Denmark Vesey: boiling rage, docile smiles

August 08, 1999|By M. Dion Thompson | By M. Dion Thompson,Sun Staff

"Denmark Vesey: The Buried History of America's Largest Slave Rebellion and the Man Who Led It,"

by David M. Robertson. Knopf. 193 pages. $23.

Denmark Vesey's name does not resound with the power of Nat Turner, whose slave revolt of 1831 brought fear and bloodshed to Virginia. Nine years earlier, Vesey plotted to destroy Charleston, S.C. Had he succeeded, the city might not be standing today. He wanted to burn the city to the ground, kill every white person he and his followers could find, then set sail for Africa or Haiti.

David Robertson, poet and author, explores Vesey's fascinating story in this excellent, engaging and well-researched volume. It should not be missed by anyone seeking a deeper understanding of that heartbreaking and complex period. Robertson has brought to life a man whose story touches almost every aspect of the black experience in the New Word.

Vesey grew up a slave, bought his freedom after winning a Charleston lottery, then decided he could not live without trying to free the thousands living around him. Hundreds joined his cause. "What news?" a conspirator would ask a possible recruit. And when the potential rebel shrugged, Vesey's follower would say, "We are free."

He left little to document his life. There are no letters, only trial testimony, a narrative of the case and the recollections of others. No one even thought to describe him, or sketch his portrait. His face is a mystery. His deeds are not.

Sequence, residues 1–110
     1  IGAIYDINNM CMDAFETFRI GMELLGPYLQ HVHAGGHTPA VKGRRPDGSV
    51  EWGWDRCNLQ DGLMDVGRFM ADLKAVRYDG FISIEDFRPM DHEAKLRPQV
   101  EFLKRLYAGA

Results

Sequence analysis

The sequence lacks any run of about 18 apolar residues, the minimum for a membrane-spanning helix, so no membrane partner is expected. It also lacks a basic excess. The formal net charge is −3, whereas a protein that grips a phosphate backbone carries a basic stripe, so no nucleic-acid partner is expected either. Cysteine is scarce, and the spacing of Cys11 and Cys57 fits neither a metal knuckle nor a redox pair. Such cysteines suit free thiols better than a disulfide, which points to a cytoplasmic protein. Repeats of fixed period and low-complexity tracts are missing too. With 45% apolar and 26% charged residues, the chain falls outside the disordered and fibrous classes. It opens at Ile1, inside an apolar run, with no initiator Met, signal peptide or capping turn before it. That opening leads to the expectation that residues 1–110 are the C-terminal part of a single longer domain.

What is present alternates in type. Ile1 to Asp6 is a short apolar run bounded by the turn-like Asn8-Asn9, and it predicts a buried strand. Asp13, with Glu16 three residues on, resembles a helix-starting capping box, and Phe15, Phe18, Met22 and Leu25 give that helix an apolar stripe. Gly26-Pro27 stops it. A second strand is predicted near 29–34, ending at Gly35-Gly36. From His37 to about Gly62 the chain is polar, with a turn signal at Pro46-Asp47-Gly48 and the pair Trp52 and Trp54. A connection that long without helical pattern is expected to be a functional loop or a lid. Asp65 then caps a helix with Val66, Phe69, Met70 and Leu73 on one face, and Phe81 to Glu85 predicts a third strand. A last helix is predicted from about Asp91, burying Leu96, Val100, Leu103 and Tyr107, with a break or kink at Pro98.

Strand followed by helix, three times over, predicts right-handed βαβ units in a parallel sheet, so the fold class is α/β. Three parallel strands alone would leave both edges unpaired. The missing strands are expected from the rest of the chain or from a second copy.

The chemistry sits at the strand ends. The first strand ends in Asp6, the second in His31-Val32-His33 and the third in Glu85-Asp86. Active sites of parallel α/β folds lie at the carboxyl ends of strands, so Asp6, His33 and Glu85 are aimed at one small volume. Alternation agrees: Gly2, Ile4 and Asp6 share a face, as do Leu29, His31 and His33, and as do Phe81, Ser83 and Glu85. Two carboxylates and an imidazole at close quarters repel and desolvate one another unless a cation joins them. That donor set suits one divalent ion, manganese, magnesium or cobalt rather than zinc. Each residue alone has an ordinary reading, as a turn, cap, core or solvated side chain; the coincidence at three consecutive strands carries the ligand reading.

Robertson helps the story along by digging into the world of Charleston. Founded in 1670 by slavers from Barbados, Charleston became a slave city. Its markets fed a planter society that craved "salt water" blacks. By 1820, nearly 60,000 slaves lived in the Charleston area alongside about 20,000 whites.

The result was a brutally repressive society and a form of "domestic theater" in which each race played its part. Whites were benevolent, yet firm parents; blacks were lovable, but needed constant correction and guidance. Whites masked their fear with a genteel air; blacks masked their boiling rage with a docile smile. Gullah Jack, one of Vesey's lieutenants, was a master at playing the role.

Others were equally adept. During the trial, one master, unwilling to believe the testimony of others, asked his slave, "what were your intentions?" The slave replied: "To kill you, rip open your belly, and throw your guts in your face."

Even after the trial, the facts seemed improbable to Charleston's planter elite. At Vesey's sentencing, the presiding judge said: "It is difficult to imagine what infatuation could have prompted you to attempt an enterprise so wild and visionary." The infatuation was with freedom.

All tolled. 131 black men were arrested; 15 were acquitted; 38 were discharged after imprisonment; 43 were sold off to plantations farther south; 35, including Vesey, were hanged. He was almost 60. His betrayer, a mulatto named Peter Prioleau, lived on and enjoyed a life that reveals yet another side of American slavery.

In the end, Robertson rightly leaves the reader to decide how to place Denmark Vesey. Was he a hero and martyr? Was he a demigod bent on slaughter? Robertson is content to give us a story worth reading and remembering.

M. Dion Thompson is a features writer at The Sun. Before, he was assistant bureau chief in the Anne Arundel bureau. He has been writing for newspapers for 12 years. Besides The Sun, he worked at the Miami Herald and before that, the Hartford (Conn.) Courant.

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